The shapes of the ripples spreading out from the center of the object decay as they reach the outline of the relief, where the silhouette of the object takes on a more organic, complex shape, reminiscent of flowing liquid or perhaps the foliage of plants that are beginning to grow thanks to the life-giving powers of water. The organic and natural shapes which define this work contrast with the hints of a frame around the canvas centerpiece of the object, and the subtle shapes below it which appear to be holding it up, composed mainly of straight lines. These are the only shapes in the relief reminiscent of anything constructed artificially, shaped by a thinking mind and a human hand.
These visual hints fall into a greater context of meaning as one begins to move around the object from right to left. Like most of David Pflugi's works, «A Drop of Water» is painted with several anamorphic illusions, which reveal themselves only when viewed from specific perspectives; the object therefore changes its appearance with every step taken by its viewers.
Viewed from the right, the rippling water is no longer discernible. Instead, one is faced with a barren desert landscape, parched and seemingly lifeless, clearly in dire need of water. And yet, something – someone – must have lived here once: On a plinth, towering high above the landscape, stands the statue of a figure. It is vaguely human, and yet terribly mutated. Many faces and eyes grow out of its warped body, along with further organs and extremities, as if a community of people had, through some terrible disaster, melted into one. Only the head atop the figure appears fully human. Its face, drawn in simple black lines, appears to be looking directly at the viewer. This mutated figure is in some ways frightening, its appearance disconcerting and uncomfortable – and yet, it is not necessarily malevolent. The statue is hunched over, one arm reaching almost all the way around the painting, motioning towards the lifeless landscape as if in silent warning. Droplets of a green liquid are falling from the figure's hand onto the landscape below. The arm performing this motion is also heavily mutated, being heavily reminiscent of a female torso, with both breasts and buttocks incongruously on display from the same side, hinting at desire, temptation, perhaps seduction. Although this disconcerting scene covers the entirety of the object's right-hand view, most of the signatures of the 2010 finalist players remain clearly visible.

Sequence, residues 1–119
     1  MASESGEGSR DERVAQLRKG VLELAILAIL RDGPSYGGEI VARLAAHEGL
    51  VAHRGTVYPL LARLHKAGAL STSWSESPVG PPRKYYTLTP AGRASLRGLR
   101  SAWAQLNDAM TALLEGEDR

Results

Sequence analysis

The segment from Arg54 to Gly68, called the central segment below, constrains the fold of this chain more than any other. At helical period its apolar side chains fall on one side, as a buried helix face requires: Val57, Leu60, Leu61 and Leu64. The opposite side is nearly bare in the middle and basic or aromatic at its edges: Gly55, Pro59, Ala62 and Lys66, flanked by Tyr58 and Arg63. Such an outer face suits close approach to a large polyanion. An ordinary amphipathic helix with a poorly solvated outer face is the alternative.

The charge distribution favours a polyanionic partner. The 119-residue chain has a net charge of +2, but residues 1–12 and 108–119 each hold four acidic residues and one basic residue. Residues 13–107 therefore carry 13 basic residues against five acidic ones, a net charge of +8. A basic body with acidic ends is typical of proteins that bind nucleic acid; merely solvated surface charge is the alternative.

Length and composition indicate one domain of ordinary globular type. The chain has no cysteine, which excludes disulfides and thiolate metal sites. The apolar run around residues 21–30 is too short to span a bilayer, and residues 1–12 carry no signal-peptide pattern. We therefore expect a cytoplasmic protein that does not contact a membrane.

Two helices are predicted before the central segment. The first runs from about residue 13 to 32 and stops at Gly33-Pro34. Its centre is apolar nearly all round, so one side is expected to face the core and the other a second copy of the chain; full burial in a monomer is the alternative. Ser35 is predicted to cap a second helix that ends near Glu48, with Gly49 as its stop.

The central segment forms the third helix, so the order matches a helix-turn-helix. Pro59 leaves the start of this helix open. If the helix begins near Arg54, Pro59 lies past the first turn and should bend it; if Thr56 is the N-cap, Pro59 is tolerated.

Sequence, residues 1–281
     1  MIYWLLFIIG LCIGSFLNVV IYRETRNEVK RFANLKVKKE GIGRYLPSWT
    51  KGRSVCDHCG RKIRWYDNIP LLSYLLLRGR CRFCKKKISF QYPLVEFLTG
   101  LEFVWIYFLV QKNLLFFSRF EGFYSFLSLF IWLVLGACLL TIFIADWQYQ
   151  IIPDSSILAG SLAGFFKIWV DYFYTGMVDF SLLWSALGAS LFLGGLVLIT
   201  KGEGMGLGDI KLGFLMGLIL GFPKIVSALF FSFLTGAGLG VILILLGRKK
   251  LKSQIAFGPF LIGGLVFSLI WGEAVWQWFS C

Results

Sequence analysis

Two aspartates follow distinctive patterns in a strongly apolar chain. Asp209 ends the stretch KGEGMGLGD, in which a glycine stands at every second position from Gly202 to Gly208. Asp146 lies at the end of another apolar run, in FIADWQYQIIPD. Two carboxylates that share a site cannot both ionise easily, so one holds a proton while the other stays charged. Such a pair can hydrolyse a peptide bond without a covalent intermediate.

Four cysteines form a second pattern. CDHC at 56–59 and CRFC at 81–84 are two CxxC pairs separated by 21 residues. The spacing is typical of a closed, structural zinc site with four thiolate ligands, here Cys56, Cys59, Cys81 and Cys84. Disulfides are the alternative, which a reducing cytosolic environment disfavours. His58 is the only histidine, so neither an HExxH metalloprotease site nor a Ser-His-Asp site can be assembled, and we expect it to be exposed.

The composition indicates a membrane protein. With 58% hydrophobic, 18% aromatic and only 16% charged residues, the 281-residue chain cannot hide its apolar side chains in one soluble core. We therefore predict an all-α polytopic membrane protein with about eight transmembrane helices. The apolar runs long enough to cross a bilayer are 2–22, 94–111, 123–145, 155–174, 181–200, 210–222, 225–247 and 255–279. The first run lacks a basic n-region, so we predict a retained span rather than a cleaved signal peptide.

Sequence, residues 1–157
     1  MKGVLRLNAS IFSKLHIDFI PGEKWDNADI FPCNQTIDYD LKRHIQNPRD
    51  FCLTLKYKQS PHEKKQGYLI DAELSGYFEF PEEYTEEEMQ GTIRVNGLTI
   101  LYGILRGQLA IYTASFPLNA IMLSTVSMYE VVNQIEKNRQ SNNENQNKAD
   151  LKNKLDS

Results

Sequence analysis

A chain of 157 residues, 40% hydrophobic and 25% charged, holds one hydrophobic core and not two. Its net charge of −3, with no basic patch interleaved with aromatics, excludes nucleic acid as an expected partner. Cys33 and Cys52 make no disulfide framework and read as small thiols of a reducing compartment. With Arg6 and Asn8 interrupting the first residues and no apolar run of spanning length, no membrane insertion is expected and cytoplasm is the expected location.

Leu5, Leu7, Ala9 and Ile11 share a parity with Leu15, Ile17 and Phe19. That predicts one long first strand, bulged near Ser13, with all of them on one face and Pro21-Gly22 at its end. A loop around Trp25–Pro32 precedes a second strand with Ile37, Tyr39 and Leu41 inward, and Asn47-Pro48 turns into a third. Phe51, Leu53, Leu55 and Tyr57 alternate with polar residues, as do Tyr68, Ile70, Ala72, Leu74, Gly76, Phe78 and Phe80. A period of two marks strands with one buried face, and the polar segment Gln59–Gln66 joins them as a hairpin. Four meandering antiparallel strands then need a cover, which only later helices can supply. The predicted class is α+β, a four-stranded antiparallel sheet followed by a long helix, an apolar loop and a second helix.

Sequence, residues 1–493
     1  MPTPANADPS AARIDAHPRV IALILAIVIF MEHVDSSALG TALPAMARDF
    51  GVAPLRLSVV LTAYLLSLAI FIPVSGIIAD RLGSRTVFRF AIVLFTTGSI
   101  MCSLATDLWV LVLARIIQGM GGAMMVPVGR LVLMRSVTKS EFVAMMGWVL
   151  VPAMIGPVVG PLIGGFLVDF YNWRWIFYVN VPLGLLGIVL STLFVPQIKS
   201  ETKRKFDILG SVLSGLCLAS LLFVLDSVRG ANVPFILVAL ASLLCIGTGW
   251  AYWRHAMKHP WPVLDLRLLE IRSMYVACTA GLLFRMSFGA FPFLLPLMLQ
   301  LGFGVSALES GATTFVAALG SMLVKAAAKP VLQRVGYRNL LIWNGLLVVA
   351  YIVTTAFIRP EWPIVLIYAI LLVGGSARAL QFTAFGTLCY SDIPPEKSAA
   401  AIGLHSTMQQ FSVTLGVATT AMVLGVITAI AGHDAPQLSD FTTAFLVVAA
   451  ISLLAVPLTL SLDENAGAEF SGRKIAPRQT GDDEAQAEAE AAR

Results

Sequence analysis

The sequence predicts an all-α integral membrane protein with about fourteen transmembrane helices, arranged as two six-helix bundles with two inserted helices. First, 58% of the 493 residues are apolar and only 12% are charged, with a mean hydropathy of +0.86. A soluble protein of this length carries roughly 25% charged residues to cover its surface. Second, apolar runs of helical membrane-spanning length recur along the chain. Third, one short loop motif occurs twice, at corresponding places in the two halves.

Within the desert landscape, a path in a chessboard pattern stretches into the distance, ending abruptly before it reaches the horizon. Where it leads is unclear. Its origin and purpose are left to the imagination of the viewer.
Moving on past the work, one revisits the frontal view of the object, now armed with greater knowledge about the context within which the ripples of water are placed. Continuing one's journey of discovery through the visual world of «A Drop of Water», one is very suddenly struck by the surprising and unexpected simplicity of the work's final motif. Viewed from the left, the object finally reveals itself to be perfectly round – it is a gigantic football, painted in plain black lines and gray dots, with some of the player signatures still visible. This is the only motif of the work that is not only simple, but also unambiguous in what it expresses.
In the spaces between these three main views, a rich variety of abstract visual episodes is displayed in rapid succession. Thanks to the use of signaling paint within the object, further details, hidden in daylight, are revealed when the work is illuminated using blacklight in an otherwise darkened space.